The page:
When a child is has a deformity, either from birth or as a result of an accident or other medical condition, parents worry about the quality of life their child will have. Concerns about their future are to be expected, as is the desire for comprehensive treatment to remedy the condition. Pediatric plastic surgery offers a chance to correct anomalies and allow the child to have a normal life. Dr. Susan Downey completed a fellowship in Pediatric Plastic Surgery in 1989 at Children's Hospital Los Angeles and was on the full time faculty for ten years.
When an individual has especially large or protruding ears, self-esteem can suffer. Ear pinning (or otoplasty) is a surgical procedure that can change the shape of a person's ears. The procedure is
most commonly performed between the ages of 5 and 14, but it can be performed on adults as well. Ear pinning is a highly effective procedure that can improve both appearance and self-confidence. It is fast, safe, and extremely effective. An incision is made behind the ear, and the cartilage is then shaped and left to heal. Ear pinning takes one to two hours to complete, and most normal activities can be resumed within several weeks.
Congenital deformities of the hand - that is, deformities a child is born with - can interfere with proper hand growth and cause significant problems in the use of the hand. Fortunately, with modern surgical techniques, most defects can be corrected at a very early age - in some cases during infancy, in others, at two or three years - allowing normal development and functioning of the hand.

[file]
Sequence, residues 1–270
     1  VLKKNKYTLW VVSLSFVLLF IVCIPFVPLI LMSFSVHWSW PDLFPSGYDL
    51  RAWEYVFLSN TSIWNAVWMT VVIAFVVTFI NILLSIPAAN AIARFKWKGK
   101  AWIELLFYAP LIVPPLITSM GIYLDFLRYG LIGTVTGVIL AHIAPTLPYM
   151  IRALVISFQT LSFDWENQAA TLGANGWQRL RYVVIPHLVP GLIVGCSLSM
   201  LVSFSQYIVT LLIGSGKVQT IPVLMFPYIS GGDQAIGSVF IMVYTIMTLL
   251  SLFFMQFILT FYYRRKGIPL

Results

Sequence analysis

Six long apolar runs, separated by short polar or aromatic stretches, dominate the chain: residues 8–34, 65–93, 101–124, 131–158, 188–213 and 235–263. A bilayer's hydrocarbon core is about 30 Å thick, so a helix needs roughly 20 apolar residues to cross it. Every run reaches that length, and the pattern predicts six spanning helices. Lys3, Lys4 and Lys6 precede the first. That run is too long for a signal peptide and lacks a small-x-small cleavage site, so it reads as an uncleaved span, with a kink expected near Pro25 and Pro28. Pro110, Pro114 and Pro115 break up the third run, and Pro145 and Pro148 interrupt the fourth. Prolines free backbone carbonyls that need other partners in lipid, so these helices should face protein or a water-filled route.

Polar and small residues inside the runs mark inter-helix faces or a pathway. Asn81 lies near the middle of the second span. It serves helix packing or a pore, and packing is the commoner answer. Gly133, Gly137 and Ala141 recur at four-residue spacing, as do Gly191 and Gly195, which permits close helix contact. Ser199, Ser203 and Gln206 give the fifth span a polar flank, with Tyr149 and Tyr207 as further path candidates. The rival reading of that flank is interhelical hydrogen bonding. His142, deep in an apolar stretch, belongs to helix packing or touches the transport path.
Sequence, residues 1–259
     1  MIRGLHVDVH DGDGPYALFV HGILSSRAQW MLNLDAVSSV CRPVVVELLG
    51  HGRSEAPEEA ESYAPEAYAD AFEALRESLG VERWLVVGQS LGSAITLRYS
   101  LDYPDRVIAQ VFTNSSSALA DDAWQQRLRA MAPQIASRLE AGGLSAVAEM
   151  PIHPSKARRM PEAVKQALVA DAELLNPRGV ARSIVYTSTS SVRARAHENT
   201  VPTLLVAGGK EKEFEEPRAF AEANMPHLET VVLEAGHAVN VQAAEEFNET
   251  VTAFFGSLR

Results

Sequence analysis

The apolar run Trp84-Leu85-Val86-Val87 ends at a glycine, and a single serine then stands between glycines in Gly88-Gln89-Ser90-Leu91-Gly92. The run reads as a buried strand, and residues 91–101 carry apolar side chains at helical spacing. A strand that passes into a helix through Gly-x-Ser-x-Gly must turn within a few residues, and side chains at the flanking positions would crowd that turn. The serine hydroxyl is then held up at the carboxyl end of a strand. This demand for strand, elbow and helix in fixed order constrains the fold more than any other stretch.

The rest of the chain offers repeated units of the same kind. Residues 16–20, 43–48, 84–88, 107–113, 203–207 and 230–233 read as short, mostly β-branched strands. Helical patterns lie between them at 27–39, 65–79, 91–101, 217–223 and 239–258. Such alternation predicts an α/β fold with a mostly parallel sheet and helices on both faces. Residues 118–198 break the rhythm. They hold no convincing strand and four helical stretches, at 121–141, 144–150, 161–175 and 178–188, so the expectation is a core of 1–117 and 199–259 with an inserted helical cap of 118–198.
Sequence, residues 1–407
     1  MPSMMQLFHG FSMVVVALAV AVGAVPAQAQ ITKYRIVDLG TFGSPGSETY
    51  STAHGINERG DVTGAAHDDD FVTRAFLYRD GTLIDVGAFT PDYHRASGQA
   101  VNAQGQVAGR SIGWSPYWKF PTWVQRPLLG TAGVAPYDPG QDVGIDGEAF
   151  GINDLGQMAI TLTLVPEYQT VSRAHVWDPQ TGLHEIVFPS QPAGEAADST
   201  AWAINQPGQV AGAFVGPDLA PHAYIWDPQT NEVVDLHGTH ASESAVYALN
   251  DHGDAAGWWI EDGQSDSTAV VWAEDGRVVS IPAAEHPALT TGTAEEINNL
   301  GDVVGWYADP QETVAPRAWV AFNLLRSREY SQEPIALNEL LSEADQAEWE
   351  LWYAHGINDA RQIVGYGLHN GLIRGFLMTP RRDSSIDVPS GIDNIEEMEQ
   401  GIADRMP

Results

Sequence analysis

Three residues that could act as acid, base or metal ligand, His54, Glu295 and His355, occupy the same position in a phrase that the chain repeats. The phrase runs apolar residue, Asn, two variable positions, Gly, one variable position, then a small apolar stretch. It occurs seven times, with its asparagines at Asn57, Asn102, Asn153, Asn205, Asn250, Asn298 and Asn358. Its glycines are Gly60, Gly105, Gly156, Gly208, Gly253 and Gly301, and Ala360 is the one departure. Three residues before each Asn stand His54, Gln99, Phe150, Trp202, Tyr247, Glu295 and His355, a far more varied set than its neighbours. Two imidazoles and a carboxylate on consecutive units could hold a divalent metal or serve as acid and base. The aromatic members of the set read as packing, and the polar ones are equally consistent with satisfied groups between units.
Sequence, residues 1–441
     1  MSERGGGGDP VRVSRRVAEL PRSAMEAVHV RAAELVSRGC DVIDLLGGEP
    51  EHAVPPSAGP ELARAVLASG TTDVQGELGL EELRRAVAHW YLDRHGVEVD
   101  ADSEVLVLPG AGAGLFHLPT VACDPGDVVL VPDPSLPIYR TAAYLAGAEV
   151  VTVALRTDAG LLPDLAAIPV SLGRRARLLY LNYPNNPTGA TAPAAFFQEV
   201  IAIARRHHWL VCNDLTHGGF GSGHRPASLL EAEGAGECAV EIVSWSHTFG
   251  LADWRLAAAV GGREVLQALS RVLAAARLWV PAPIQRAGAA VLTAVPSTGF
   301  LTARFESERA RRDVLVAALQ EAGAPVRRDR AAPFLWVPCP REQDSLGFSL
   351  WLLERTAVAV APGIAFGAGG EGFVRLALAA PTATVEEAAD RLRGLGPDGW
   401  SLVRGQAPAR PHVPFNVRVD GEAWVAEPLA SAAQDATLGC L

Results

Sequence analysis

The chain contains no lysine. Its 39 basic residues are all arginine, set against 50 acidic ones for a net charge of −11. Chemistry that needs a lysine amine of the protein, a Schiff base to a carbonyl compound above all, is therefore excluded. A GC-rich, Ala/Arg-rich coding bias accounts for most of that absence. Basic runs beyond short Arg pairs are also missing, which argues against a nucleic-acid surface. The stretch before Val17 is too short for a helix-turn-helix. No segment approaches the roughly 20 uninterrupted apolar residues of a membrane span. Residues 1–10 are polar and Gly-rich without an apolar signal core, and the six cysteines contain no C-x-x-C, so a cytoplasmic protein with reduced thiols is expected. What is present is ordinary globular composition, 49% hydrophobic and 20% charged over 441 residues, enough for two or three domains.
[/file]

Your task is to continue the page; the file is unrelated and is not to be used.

Scar revision is performed to reduce the appearance of scars caused by injury or previous surgery. Scars are by definition permanent, but surgery can narrow, fade and otherwise reduce the appearance of severe or unattractive scarring, which is especially helpful in areas of cosmetic importance such as the face and hands.
There are many surgical methods of scar revision, only some of which may be appropriate for a particular type of scar or its location. These include surgical excision, skin grafts, flap surgery and Z-plasty (repositioning a scar so that it aligns with the face and is less noticeable). The effectiveness of scar reduction depends on a number of factors, including the nature of the injury, your body's healing mechanism, the size and depth of the wound, how much blood supplies the area and the thickness and color of your skin.
Surgery to repair cleft lip and/or cleft palate in infants can correct nursing, feeding and speech problems, frequent ear infections and physical disfigurement with dramatic aesthetic and functional results. The cleft lip procedure is usually performed at 6-12 weeks of age, while cleft palate surgery is performed between the ages of nine months and one year (after the palate has grown but before faulty speech habits are acquired). While the infant sleeps under general anesthesia, the cleft is closed with absorbable stitches. The skin is then sewn over the correction with fine sutures to minimize scarring. Speech therapy may be required for children with residual muscle problems resulting from cleft palate
Dr. Downey discussing the Cleft Lip & Palate techniques taught to Ecuadorian residents.